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In C we can do (if I remember well) that :

void foo()
{
    static bool firstCall = true;

    if(firstCall)
    {
        // stuff to do on first call

        firstCall = false;
    }

    // more stuff
}

I would like to do that in PHP to avoid my models to query the database more than once when the same method is called more than once.

class User
{
    public static function & getAll($reload = false)
    {
        static $result = null;

        if($reload && null === $result)
        {
            // query the database and store the datas in $result
        }

        return $result;
    }
}

Is it allowed ? Does it work ? Is it compatible with PHP < 5.3 ?

If yes then i have another question :

Say we have several methods common to all models, i would group them in an abstract base class :

abstract class AbstractModel
{
    public static function & getAll($tableName, $reload = false)
    {
        static $result = array();

        if($reload && !isset($result[$tableName]))
        {
            // query the database depending on $tableName,
            // and store the datas in $result[$tableName]
        }

        return $result[$tableName];
    }
}

class User extends AbstractModel
{
    public static function & getAll($reload = false)
    {
        $result = parent::getAll('users', $reload);
        return $result;
    }
}

class Group extends AbstractModel
{
    public static function & getAll($reload = false)
    {
        $result = parent::getAll('groups', $reload);
        return $result;
    }
}

Would this work too ? Could it be improved ?

Thanks for your help :)

share|improve this question
    
Unrelated: Why are you returning references? You should let PHP optimize the code, you don't usually have to do it. –  Juan Mendes Dec 5 '12 at 23:54
    
I generally return arrays which, if i understood well, are considered as a primitive type, and copied. Am I wrong ? –  Virus721 Dec 5 '12 at 23:55
    
The compiler will optimize it not to copy the array as long as you're not modifying it. –  Juan Mendes Dec 6 '12 at 0:03
    
@JuanMendes Is that a new feature? I've had trouble of arrays being copied as well. You could solve it by passing them by reference, or wrapping them in a class. –  GolezTrol Dec 6 '12 at 0:05
    
See php.net/manual/en/language.references.return.php Do not use return-by-reference to increase performance. The engine will automatically optimize this on its own. Only return references when you have a valid technical reason to do so. –  Juan Mendes Dec 6 '12 at 0:06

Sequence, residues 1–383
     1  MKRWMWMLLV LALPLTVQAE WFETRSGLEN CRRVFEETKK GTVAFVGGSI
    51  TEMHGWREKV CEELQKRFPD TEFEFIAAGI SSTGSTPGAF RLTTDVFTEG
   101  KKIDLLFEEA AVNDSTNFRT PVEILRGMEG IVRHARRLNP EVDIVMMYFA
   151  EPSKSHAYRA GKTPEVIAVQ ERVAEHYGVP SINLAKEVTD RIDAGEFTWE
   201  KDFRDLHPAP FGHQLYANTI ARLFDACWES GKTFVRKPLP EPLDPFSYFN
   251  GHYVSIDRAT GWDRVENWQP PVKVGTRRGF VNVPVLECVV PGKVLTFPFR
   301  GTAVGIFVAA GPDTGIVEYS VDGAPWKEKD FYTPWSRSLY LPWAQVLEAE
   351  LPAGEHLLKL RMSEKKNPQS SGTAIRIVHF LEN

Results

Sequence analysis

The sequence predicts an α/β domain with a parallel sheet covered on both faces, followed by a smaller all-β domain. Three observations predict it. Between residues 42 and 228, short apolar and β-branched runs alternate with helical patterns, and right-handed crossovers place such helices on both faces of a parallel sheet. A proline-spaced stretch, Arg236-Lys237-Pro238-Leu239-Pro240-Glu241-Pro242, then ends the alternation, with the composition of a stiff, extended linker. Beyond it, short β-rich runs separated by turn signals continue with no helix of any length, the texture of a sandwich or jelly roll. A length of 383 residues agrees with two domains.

1 Answer 1

up vote 1 down vote accepted

Yes, you can do that. It is supported as of PHP 5.0.0.

To clarify I would like to distinguish between two very different things in PHP that both use the static keyword. First, is the class static scope, which belongs specifically to the entire class. Second, is the variable static scope, which specifically belongs to the local scope of a function.

This is the class static scope (this is available only in PHP >= 5.3.0):

class Foo {
    public static $var;

    public static function GetVar() {
        return ++static::$var;
    }
}

var_dump(Foo::GetVar(),Foo::GetVar());

The above code would give you int(1) int(2) which is what you are expecting.

This is the variable static scope (this is available in PHP >= 5.0.0):

class Foo {
    public static function GetVar() {
        static $var = 0;
        return ++$var;
    }
}

var_dump(Foo::GetVar(),Foo::GetVar());

The above code would also give you int(1) int(2) which is also what you are expecting.

Notice that one belongs specifically to the function's local scope (even if that function is a class member) and the other belongs specifically to the class.

Also notice I used the static keyword in my first example and not the self keyword, since self does not allow you to do LSB (Late Static Binding). This is likely something you're going to need to take into consideration when you're inheriting and then calling on the parent class and especially if you're going to be using class static variables and not static variables in the function's local scope.

share|improve this answer
    
Thanks for your answer. This one seems a bit more accurate about what i was wondering so i'll change the accepted answer :p Also do you recommend me the class or the variable static scope to do that ? –  Virus721 Dec 6 '12 at 0:39
    
It depends on what your intentions are. If what you want isto store that static variable in the function's local scope then go with the variable static scope. With that you can only get at the variable from inside that function. If you want to share that variable with other functions in your class then go with the class static scope, because then you don't have to call that function to get the variable. –  Sherif Dec 6 '12 at 0:47
    
Okay thanks again for your help ! –  Virus721 Dec 6 '12 at 0:49
    
I ran out of room so I had to add this part "You can also specify the visibility of the class variable with the public, private, or protected keywords. This makes the variable either available to everyone (public), only to the class and its children (protected), or only to that class (private)." –  Sherif Dec 6 '12 at 0:51
    
I know that thank you ^^ I've been using PHP for a year, just never met problems involving variable static scope before that :p –  Virus721 Dec 6 '12 at 0:52

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